Third Sunday of Easter
Easter and Baptism. At the Easter Vigil I was blessed to be able to baptize 5 adults. Since then I have spoken to a few of them and have noted their remarkable joy and sense of God’s grace. One told me how he “really felt different,” “something was happening” in him. Now, not everyone experiences Baptism or the other sacraments like this; much of it depends on the openness of the person to the grace they receive. Even so, it is not an uncommon occurrence for the newly baptized (and confirmed) adults to experience the grace in this extraordinary way.
Most of us were baptized when we were only a few days or weeks old, so we have no recollection of what it’s like not to be baptized, or of the change that occurs in baptism. And so in many ways we take this amazing event and gift for granted, and we forget about all the graces it bestowed on us.
But Baptism is the greatest thing that ever happened to us. Consider what the Catechism teaches us:
“1213 Holy Baptism is the basis of the whole Christian life, the gateway to life in the Spirit…, and the door which gives access to the other sacraments. Through Baptism we are freed from sin and reborn as sons of God; …
“1263 By Baptism all sins are forgiven, original sin and all personal sins….
“1265 Baptism … makes the neophyte “a new creature,” an adopted son of God, who has become a “partaker of the divine nature,” member of Christ and co-heir with him, and a temple of the Holy Spirit.
“1266 The Most Holy Trinity gives the baptized sanctifying grace, the grace of justification: enabling them to believe in God, to hope in him, and to love him through the theological virtues; giving them the power to live and act under the prompting of the Holy Spirit through the gifts of the Holy Spirit; allowing them to grow in goodness through the moral virtues. Thus the whole organism of the Christian’s supernatural life has its roots in Baptism.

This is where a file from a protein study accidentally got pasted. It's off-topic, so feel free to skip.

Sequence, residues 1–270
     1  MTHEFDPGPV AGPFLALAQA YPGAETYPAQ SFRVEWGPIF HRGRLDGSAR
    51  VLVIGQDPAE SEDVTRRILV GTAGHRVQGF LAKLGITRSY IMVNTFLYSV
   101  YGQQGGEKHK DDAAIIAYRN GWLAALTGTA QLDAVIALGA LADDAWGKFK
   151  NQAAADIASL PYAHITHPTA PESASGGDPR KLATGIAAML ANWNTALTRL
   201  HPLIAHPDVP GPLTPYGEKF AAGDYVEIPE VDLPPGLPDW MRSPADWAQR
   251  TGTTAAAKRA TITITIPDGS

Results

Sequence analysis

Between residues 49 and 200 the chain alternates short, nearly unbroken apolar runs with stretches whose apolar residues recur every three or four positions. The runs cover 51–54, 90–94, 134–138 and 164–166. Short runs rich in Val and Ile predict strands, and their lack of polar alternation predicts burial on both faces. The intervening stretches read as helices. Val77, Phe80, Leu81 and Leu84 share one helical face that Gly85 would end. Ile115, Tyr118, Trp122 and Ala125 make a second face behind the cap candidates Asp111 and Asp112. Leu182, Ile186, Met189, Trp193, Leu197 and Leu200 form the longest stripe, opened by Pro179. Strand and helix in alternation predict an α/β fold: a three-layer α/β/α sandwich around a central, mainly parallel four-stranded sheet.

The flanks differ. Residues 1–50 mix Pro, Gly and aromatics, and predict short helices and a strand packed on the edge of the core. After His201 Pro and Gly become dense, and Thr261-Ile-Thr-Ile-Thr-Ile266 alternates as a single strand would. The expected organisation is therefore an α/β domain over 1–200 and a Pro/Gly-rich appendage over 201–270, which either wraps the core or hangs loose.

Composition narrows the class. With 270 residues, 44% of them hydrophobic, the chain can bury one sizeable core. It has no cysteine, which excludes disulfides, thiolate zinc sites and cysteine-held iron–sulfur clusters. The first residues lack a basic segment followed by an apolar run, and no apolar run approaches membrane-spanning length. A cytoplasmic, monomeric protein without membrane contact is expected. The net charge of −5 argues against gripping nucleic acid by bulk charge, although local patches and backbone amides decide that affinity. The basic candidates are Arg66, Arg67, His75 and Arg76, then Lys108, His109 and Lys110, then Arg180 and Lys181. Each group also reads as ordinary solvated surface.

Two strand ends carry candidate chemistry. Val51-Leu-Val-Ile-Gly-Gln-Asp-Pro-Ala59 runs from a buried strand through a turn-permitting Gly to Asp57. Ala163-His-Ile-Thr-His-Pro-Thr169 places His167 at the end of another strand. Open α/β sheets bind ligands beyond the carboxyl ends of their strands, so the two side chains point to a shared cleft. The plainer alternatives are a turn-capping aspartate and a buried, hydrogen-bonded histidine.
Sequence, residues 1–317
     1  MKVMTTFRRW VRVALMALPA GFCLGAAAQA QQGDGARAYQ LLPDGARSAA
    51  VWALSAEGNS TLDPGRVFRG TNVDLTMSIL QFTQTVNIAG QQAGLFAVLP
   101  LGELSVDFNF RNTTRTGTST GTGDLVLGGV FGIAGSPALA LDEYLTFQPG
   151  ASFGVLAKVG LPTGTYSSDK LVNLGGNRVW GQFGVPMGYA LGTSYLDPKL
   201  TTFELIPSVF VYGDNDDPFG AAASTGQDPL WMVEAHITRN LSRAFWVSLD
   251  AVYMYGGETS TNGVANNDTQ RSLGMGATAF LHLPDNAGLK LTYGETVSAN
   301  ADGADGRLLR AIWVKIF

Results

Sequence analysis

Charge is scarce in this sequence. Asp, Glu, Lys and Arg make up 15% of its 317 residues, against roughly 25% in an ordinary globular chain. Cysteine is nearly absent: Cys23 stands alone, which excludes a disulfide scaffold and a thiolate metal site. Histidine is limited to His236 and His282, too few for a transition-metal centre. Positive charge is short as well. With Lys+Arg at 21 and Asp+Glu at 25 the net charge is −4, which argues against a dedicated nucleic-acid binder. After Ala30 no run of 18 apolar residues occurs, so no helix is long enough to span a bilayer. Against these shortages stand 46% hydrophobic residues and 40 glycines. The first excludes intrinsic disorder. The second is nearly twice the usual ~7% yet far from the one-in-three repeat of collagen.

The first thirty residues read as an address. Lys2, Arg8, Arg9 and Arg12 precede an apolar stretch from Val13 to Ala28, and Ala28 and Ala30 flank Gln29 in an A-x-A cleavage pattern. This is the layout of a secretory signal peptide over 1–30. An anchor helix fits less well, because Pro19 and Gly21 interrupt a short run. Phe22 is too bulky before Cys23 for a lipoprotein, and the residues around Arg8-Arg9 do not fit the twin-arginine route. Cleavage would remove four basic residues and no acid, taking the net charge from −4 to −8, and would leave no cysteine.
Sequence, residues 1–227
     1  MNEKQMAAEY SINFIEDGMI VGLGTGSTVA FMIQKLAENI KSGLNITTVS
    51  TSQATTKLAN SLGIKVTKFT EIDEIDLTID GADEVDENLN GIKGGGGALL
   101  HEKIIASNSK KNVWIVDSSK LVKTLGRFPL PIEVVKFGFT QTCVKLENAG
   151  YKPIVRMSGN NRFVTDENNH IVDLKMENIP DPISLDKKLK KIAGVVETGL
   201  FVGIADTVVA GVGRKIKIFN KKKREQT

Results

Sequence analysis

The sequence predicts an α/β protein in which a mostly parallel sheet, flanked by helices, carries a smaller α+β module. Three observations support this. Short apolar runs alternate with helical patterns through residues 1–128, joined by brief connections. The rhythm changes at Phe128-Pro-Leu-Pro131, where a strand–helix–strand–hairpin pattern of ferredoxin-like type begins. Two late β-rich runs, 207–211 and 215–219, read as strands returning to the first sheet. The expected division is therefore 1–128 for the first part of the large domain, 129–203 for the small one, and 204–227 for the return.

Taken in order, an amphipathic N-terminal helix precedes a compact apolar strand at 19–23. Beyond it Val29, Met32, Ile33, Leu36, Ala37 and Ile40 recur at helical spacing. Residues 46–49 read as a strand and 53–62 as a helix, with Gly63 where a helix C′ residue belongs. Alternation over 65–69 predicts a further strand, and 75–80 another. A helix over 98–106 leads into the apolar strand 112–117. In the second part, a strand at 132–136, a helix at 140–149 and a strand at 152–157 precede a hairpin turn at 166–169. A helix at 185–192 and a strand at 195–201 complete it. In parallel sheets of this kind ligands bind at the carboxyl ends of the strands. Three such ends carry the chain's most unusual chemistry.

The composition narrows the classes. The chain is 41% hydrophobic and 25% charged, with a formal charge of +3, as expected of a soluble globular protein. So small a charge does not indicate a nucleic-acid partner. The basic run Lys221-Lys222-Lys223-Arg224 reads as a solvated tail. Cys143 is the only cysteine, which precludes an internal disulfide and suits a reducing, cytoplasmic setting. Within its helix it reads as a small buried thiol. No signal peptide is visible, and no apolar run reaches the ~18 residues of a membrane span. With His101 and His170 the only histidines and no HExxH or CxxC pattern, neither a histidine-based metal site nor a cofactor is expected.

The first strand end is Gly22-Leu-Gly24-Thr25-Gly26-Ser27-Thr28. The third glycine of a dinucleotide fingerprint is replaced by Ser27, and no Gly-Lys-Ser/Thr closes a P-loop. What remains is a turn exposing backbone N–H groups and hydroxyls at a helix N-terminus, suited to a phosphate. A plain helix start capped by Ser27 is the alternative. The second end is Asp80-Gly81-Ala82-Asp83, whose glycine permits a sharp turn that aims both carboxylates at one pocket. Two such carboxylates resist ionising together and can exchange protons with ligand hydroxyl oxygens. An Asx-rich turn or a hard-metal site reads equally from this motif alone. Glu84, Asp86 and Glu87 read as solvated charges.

“1267 Baptism makes us members of the Body of Christ…Baptism incorporates us into the Church.
“1280 Baptism imprints on the soul an indelible spiritual sign, the character, which consecrates the baptized person for Christian worship.…”
In this season of Easter, let’s thank the Risen Lord for the great gift of Baptism and be open to and cooperate with the many graces that it has bestowed on us.
Sign of Peace. For the last few months the priests celebrating Sunday Masses at St. Raymond’s have omitted inviting the congregation to exchange the “sign of peace”. This was due to concerns about the dangers of passing illnesses, especially influenza, during the winter months.
On Holy Thursday, however, I reverted to my usual policy of allowing the priest to make the invitation (at his discretion). In doing so, I encourage you to remember that the exchange of the sign of peace is not meant to be a greeting to your neighbor, nor a reconciliation. It is a solemn ritual act with a profound meaning, rooted in the Lord Jesus’ sermon at the Last Supper, the first Eucharist, just hours before he died on the Cross, in which he told his apostles: “Peace I leave with you; my peace I give to you; not as the world gives do I give to you” (John 14:27). Three days later, just hours after he rose from the dead, He returned to this theme as the very first words the Risen Lord spoke to His apostles on Easter were: “Peace be with you.” Jesus’ words are an acknowledgment and explanation of the peace He gives them through His Cross and Resurrection, a.k.a., “the Paschal Mystery.” And since the Eucharist is our sacramental participation in the Paschal Mystery, our encounter in the flesh with the Crucified and Risen Jesus, it is through the Eucharist that this peace comes to us. And the sign of peace is a solemn ritual sign of the Paschal peace flowing from and leading back to the Eucharist.